Mr R.S. has written from Devon to ask our editor why Repton cross-references from red book to red book

Oofy here: Editorial: Stupid question. Advertising. Simple.

A gloss from the Type-Setter. The perspicacity of our editor is admirable, but his case will take some building. I have edited the Professor’s commentary in what follows, for it is not always easy to reconcile the Czech bludgeon with the rapier thrust of our editor.

‘By way of introduction: Repton cited his red book for Rudding Park and quoted from it in his volume for Tatton, when he came to advocate gravel approach roads. At first sight, however, the idea that he cross-referenced in order to advertise his red books, or boast of his success, makes little sense. How many people after all were going to read them, shut up as they might be in the library of his client, as he suggested himself at Burley-on-the-Hill, at Attingham. Woburn Abbey and Wanstead? Only at Plas Newydd did he suggest that the book might be kept in London for ‘”those who may not have sufficient resolution to make so long a journey … thus the beauties of Plan Newydd are in a manner brought into the library of Uxbridge house.” It is true that he asked William Egerton to allow him to display the red book for Tatton in London, but Tatton itself collected only four references in other red books (Culford, Stoke Park, Purley, and Hanslope). Nor did he do this cross-referencing in order to make his clients feel part of an exclusive network. Repton worked for the Duke of Bedford for years, yet Woburn Abbey is only referenced in his red book for Hewell Grange (he also referred to it in notes he wrote for Ashridge and at Endsleigh, but his client at Endsleigh was the Duke). Had Repton wished to compile a more comprehensive index of the places where he worked, he could have included cross-references to a great many more than he did.

Nor did he solely cross-reference to demonstrate the general rules that (in his early career at least) he believed should underlie rational landscape gardening. Again, had he wished to do so, he could have included many more cross-references to make his point.

I draw attention instead to his red books for Lamer (January 1792) and Stoke Park (June 1792). For in his Stoke red book, Repton copied his rules for making an approach from the Lamer red book, written earlier in the same year, without acknowledgement. This is an unusual exception in Repton’s oeuvre to the use of a cross-reference when copying ideas from one red book to another – another is the discussion of the browsing line in the red book for Culford; this adopts the text of the Milton red book without acknowledgement. These exceptions however prove the rule and provide an answer to the question: Repton used cross-referencing because he was concerned that he should not be accused of plagiarising himself; so where he found himself wanting to repeat advice from one place to another he was anxious to acknowledge the borrowing. It also implies that rather than impose a single set of rules on the landscape, he was concerned, whether consciously or not, to make each landscape different and so was anxious to admit to any similarities before they were pointed out to him by his critics. They were a means of keeping faith with his clients.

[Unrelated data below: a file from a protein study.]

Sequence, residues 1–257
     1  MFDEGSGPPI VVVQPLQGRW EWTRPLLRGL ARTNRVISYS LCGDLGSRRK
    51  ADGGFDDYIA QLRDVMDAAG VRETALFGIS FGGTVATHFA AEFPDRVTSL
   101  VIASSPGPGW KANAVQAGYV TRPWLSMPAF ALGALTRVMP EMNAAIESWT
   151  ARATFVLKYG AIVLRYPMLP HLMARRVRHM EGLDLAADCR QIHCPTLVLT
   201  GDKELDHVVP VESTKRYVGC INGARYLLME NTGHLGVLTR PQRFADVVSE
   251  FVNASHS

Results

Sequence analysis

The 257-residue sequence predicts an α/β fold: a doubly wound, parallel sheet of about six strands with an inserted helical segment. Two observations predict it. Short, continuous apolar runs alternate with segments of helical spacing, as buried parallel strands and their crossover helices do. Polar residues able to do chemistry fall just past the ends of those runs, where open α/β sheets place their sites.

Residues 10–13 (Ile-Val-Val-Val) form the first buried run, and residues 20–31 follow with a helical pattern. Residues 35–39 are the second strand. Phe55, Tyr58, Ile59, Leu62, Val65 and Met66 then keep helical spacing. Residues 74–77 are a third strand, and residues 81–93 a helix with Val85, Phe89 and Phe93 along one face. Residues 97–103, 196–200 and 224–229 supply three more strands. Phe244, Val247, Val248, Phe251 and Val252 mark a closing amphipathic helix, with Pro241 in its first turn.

Here I turn to that great Janeite, Thomas Babington Macaulay, who declared in 1842 that Jane Austen was second only to Shakespeare in the creation of character: “There are, for example, four clergymen, none of whom we should be surprised to find in any parsonage in the kingdom, Mr Edward Ferrars, Mr Henry Tilney, Mr Edmund Bertram, and Mr Elton. They are all specimens of the upper part of the middle class. They have all been liberally educated. They all lie under the restraints of the same sacred profession. They are all young. They are all in love. Not one of them has any hobbyhorse…Not one has a ruling passion… Who would not have expected them to be insipid likenesses of each other? No such thing. … [No characters in literature are more unlike] than every one of Miss Austen’s young divines to all his reverend brethren. And all this is done by touches so delicate, that they elude analysis, that they defy the powers of description, and that we know them to exist only by the general effect to which they have contributed.”

In short, we praise Jane Austen for the variety of her creation. Yet we are wont to criticise Repton for the variety of his, casting him as a journeyman, hired to carry out the wishes of his clients, whatever they might be. In this use of cross-referencing, we see that he was anxious to be known for the range and variety of his designs, and consciously sought variety and freely acknowledged when he was reusing an old trope.’ [Notes from the Professor, trans. the Type-Setter]

A further gloss from the Type-Setter. As our editor has convincingly concluded – Repton used cross-references not to boast but to advertise and what he was advertising was his integrity.